The primary contributor to service challenges, CTA says, is the nationwide shortage of transit-industry workers. Additionally, when last-minute call-offs occur—and backup workers are not available—CTA can’t put out all scheduled train trips.

The interactive component of the scorecard now shows a year of historical data of service delivery for seven rail lines and 126 bus routes, “a major step by the agency to provide transparency to riders and the public,” CTA said.

CTA says it continues to “undertake aggressive recruitment, hiring and retention efforts to address a shortage of transit workers that continues to plague the transit industry.” A fall 2022 study by the American Public Transportation Association (APTA) found that 96% of agencies surveyed are having workforce challenges, and 84% of agencies reported that staffing shortages are impacting service.

The CTA offers regular training classes for current rail employees to become rail operators, and recent classes have had full enrollment. New operators will be assigned to rail lines after completing extensive and rigorous training. The CTA has a current deficit of about 100 rail operators.

Unveiled in August 2022, the “Meeting the Moment: Transforming CTA’s Post-Pandemic Future” Action Plan is a “multifaceted investment plan to strengthen the rider experience–more consistent and reliable service, safe rides, clean facilities, modern amenities, dynamic customer engagement tools, and a strong CTA workforce.”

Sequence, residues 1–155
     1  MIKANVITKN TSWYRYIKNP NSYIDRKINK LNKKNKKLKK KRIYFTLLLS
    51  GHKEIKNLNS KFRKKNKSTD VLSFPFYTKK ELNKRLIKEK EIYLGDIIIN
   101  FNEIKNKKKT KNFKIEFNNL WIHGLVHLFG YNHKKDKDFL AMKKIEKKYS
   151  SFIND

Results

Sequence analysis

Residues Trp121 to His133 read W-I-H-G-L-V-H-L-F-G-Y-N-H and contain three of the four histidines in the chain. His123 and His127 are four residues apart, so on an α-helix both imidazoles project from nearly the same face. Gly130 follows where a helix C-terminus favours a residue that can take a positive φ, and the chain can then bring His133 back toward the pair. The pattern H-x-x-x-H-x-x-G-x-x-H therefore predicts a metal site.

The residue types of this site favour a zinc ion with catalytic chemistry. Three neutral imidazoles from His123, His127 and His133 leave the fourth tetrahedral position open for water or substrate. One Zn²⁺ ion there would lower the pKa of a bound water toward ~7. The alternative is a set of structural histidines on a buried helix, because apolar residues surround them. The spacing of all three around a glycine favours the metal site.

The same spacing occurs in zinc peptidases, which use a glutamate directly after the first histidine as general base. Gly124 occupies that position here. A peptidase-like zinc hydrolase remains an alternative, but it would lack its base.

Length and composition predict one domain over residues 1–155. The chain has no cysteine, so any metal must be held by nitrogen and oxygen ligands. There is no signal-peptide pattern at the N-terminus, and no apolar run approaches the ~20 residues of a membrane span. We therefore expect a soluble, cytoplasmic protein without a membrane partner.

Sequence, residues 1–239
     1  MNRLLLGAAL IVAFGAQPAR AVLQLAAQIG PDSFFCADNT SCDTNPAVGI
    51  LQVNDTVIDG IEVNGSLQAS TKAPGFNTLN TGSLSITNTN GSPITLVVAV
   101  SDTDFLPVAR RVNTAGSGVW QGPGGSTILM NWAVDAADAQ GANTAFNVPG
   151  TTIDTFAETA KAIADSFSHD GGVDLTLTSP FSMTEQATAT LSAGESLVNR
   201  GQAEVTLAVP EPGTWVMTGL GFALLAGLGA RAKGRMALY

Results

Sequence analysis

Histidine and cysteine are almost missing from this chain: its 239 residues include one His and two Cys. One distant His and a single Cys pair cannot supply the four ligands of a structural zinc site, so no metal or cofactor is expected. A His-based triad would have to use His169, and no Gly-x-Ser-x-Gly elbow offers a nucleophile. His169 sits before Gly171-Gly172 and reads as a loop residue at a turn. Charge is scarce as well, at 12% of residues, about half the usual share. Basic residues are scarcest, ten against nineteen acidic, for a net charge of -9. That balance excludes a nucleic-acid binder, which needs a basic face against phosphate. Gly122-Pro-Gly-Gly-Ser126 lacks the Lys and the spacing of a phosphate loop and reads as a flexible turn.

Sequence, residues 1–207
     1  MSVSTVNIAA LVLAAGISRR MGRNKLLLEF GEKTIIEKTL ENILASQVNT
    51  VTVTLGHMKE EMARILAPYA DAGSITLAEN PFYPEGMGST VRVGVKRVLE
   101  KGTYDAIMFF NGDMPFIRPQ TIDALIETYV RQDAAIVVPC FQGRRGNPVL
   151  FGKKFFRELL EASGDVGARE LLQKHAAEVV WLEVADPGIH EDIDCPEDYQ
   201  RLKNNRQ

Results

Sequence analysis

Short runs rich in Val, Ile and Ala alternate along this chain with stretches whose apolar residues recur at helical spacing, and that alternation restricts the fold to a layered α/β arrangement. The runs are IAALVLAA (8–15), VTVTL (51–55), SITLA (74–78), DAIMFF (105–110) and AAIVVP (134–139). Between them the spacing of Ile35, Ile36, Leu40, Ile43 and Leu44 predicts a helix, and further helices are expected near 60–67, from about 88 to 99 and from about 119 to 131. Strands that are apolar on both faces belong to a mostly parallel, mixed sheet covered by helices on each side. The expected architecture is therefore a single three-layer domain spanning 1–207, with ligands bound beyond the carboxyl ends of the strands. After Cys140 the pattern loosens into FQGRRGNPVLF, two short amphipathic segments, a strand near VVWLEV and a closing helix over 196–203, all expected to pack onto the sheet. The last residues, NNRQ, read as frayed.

For more information on the “Meeting the Moment” Action Plan, or to view the monthly scorecards, click here.

San Diego County

San Diego County supervisors on Feb. 7 “unanimously approved a resolution to expand a free public transit ridership program for residents ages 18 to 24,” according to a KPBS report.

According to the report, the resolution, which was sponsored by supervisors Nathan Fletcher and Nora Vargas, “directs the county chief administrative officer, Health and Human Services Agency and Land Use and Environment Group to work with agencies, such as the San Diego Metropolitan Transit System to find additional money for ridership expansion.”

“They bring security and stability to the lives of students and youth and remove barriers so they can have access to education, work and recreational activities that they would not have otherwise,” said Vargas, who expressed, in a statement, that the Youth Opportunity Pass, which currently allows young people 18 and under to ride public transit free of charge, are “more than just a free ride.”

Last year, according to the KPBS report, supervisors approved $1.5 million for the pilot ridership program, while the San Diego Association of Governments provide $6.13 million.

“Proposed more than 10 years ago by advocacy group Mid-City CAN and community members, the youth ridership pilot program is scheduled to end in July, according to the county,” KPBS reported.


Ohio Governor Mike DeWine announced last Wednesday that he has directed ORDC to apply for the first phase of funding to study expanding passenger rail service in the state, according to a Dayton Daily News report.

According to the report, Ohio has identified the Cleveland-Columbus-Dayton-Cincinnati (3C&D Line) and the Cleveland-Toledo Detroit corridors to advance for consideration.